What is a day in the life of an unschooler like?
To put it in a nutshell, unschooling days are like great days of summer vacation. They can be anywhere from filled to the brim with activities or they can be laid back leisurely days of watching clouds (or playing video games ;-) )
You can read about ordinary days on unschoolers' blogs. Sandra Dodd has a list at her Thinking Sticks blog, Blogspot keeps the list ordered with the most recently updated at the top.
If I tell my wife that I want to try this unschooling approach starting tomorrow, then what would we do at 8 AM?
Sleep? Eat? Watch TV? Go outside and enjoy the sun shining through the trees? Read a book?
Would my son choose when he gets up?
Unless he stops breathing, he's always weighing his options and making choices. They may not be the choices you'd want him to make. But, what if you knew your wife had an agenda for you and there were "right" choices in her eyes and "wrong" choices and you knew she was observing you and weighing the choices you were making against her idea of "right" and "wrong" and judging the quality of your choices? How would that affect your relationship? I assume there are some things you each do to please the other, but they are still choices. The more pressure someone feels from the other to make the choices the other wants them to make, the more strain there is in the relationship.
I need to read a book about the day and the life of an unschooler in my spare time.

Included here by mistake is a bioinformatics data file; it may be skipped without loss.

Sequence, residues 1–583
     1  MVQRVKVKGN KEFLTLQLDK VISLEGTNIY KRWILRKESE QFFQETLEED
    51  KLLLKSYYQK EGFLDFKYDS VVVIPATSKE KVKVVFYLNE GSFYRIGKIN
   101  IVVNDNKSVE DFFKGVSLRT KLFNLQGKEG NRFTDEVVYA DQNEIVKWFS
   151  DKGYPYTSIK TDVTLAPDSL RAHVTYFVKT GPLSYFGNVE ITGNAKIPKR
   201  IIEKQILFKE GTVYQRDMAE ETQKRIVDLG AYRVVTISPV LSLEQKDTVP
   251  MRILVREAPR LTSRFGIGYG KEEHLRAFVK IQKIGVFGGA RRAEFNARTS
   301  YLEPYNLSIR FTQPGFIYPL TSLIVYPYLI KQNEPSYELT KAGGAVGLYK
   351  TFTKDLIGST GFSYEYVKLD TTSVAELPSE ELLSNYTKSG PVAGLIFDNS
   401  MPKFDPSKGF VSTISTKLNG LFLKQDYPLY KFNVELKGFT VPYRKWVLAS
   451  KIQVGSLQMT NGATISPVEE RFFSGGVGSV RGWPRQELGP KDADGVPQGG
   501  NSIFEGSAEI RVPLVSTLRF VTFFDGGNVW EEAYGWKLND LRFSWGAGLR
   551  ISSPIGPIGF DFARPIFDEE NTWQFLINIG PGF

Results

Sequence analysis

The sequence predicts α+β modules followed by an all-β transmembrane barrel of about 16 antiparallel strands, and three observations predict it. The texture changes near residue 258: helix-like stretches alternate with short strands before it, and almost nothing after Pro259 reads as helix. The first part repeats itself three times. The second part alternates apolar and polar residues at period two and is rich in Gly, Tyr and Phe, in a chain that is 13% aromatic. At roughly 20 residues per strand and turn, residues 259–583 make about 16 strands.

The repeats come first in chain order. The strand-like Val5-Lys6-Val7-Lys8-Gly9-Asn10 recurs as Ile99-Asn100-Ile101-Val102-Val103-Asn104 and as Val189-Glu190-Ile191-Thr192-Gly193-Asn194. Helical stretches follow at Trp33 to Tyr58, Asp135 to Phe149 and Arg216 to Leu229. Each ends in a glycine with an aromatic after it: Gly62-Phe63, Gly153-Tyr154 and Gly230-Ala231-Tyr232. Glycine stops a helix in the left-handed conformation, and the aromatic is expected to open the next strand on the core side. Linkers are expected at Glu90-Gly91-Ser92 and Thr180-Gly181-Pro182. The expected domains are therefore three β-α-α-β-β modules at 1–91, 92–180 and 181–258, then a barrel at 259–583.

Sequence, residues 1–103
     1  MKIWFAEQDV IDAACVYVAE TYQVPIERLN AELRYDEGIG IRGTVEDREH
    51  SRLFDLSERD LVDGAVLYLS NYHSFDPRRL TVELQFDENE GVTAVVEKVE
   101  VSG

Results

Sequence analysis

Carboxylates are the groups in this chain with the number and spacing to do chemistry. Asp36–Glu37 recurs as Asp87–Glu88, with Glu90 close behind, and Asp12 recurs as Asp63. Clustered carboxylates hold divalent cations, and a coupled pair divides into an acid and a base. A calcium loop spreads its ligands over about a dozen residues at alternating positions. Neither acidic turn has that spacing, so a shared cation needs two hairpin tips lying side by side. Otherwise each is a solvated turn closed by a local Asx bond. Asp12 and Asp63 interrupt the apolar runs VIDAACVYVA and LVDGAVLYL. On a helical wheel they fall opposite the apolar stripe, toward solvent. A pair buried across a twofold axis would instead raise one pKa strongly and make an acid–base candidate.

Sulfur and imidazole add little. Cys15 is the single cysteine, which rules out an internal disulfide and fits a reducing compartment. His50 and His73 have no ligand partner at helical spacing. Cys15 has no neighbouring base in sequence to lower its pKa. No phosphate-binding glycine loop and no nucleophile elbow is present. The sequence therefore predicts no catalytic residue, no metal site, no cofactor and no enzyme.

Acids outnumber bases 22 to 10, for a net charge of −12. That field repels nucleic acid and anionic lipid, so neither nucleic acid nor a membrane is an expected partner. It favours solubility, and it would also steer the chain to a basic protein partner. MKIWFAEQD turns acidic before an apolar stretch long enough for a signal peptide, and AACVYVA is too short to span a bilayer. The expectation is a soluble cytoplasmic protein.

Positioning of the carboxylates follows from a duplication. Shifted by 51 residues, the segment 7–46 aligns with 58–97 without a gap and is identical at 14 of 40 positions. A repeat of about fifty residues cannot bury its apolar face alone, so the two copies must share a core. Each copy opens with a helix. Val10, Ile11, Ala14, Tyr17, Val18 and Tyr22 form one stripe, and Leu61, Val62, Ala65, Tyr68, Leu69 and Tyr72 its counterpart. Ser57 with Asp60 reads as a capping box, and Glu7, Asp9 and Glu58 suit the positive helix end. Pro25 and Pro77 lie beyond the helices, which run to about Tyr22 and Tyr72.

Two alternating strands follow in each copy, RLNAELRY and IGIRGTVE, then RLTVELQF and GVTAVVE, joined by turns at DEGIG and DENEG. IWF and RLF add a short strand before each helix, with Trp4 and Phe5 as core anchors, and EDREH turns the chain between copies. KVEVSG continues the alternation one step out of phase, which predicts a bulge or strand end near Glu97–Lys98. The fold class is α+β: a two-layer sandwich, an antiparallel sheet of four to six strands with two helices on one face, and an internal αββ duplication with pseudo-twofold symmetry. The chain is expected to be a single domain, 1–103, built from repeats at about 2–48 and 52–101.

Actually a day in the life of an unschooler looks a lot like summer days and weekends with an attentive parent. Unschooling isn't so much in what unschoolers do as in their attitude towards life and learning and how they're intertwined. Our conversations are our lessons without being lessons. Every time my daughter spontaneously asks a question or tells me about an observation, that's a "test" that shows me unschooling is working. She may not be learning a set group of facts that others think are important and can test, but her questions and observations show she's thinking about what she's learning. For example, it's not so important that she learn that sound waves bounce off things because that can go in as a factoid without any real meaning or understanding behind it, but it is important that she bounced a ball off a wall and said that was like a sound wave. She's making connections.
Would he choose what he wants to learn? Should we let him mess with the Star Wars games on the computer all day? I am going to go out on a limb and guess you would say that he would eventually get bored and look for something else to do or that I should keep offering interesting tidbits he couldn't resist?
Yup. If he's interested, he's learning. It may be hard to see how what he's learning relates to what is "important" in life. In fact, it may only be relevant to his life right now. But it is relevant. It's nurturing the person he is now. I think we concentrate too much on moving kids along to what they should become and preparing them for that.